The result of pursuing justice: The blessing of the Lord will ensue

Both citizens and the judiciary can expect the blessing of the Lord to ensue if justice prevails. Of course, not all citizens will have a faith commitment to the God revealed in the book of Deuteronomy. But those citizens and members of the judiciary that do, will follow their judicial calling with the knowledge that they are doing these things in obedience to the Lord, reflecting his character and gracefully expecting his blessing.

Reflecting on judicial progress and challenges in South Africa

As could be expected of a modern judiciary, South Africa has a number of different types of courts.42 By way of summary, the lower courts include the Magistrate's courts (consisting of regional and district courts), whilst the higher courts include the High Court, the Supreme Court of Appeal and the Constitutional Court. A little more than a quarter of a century ago in 1994, the Constitutional Court became the highest court in South Africa. As is made clear by its name, the Constitutional Court is founded on the Constitution of the Republic of South Africa,43 and deals with relations between individuals, or institutions and the state.44 From 1994, all South African higher courts have constitutional jurisdiction, with the Constitutional Court 'awarded exclusive jurisdiction on some constitutional matters' (Venter 2020:174).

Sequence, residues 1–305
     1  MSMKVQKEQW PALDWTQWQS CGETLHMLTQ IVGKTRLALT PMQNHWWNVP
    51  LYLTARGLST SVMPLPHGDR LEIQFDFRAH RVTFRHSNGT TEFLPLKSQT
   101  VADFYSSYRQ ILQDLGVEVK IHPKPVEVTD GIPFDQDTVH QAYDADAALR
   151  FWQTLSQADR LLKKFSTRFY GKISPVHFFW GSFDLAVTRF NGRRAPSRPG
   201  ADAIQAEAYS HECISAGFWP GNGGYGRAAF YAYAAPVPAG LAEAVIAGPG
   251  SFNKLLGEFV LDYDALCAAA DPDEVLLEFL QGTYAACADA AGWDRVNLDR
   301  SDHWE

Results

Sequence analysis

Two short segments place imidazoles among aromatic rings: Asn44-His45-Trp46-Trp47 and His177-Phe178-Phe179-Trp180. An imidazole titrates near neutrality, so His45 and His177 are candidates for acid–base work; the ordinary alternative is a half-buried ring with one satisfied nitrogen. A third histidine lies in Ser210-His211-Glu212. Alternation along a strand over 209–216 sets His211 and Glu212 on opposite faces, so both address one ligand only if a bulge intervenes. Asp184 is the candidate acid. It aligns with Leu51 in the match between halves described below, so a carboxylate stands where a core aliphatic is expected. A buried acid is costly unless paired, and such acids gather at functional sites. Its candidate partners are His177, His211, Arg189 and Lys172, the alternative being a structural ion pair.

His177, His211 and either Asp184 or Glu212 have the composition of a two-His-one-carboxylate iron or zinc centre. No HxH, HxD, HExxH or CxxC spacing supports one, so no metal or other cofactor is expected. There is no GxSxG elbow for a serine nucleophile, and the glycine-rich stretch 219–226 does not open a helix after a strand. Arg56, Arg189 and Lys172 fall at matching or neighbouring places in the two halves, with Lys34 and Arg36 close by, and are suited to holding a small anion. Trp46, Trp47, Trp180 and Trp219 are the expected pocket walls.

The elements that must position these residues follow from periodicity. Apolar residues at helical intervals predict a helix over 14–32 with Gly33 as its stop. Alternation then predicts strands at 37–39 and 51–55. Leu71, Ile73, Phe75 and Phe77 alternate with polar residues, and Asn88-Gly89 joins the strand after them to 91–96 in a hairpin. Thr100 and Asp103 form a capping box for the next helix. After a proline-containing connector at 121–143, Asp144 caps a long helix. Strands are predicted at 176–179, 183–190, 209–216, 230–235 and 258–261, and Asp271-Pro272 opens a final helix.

Since the introduction of the constitutional status of the judiciary in South Africa, remarkable progress has beenmade in South African judiciaries, but not without various challenges and setbacks (Venter 2020:172). These include political influence, veiled ideological motivations of government, attempts by government to interfere in the executive affairs of judiciary, explicit opposition to judicial restraints on government conduct, non-compliance of the state and 'transformation' (cf. Venter 2020:179-186). Thankfully, despite these various challenges, the Constitutional Court has survived these challenges 'by consistently providing well-reasoned and accessible judgments' (Venter 2020:194).

In my view one possibility of meeting these challenges is to (once more) emphasise the principles deduced from Deuteronomy 16:18-20 to the citizens and judiciary of South Africa. The citizens of the Republic of South Africa as a corporate personality should, in some way, be actively involved in the appointment of those serving on the judiciary. The judiciary should be reminded that they should judge all citizens fairly in everything and thereby serve the citizens. Both the judiciary and citizens should do what is right, fair and reasonable according to the constitution in every conceivable situation. The citizens and members of the judiciary that have a faith commitment to the God revealed in the book of Deuteronomy, can expect the blessing of the Lord to ensue, if justice prevails.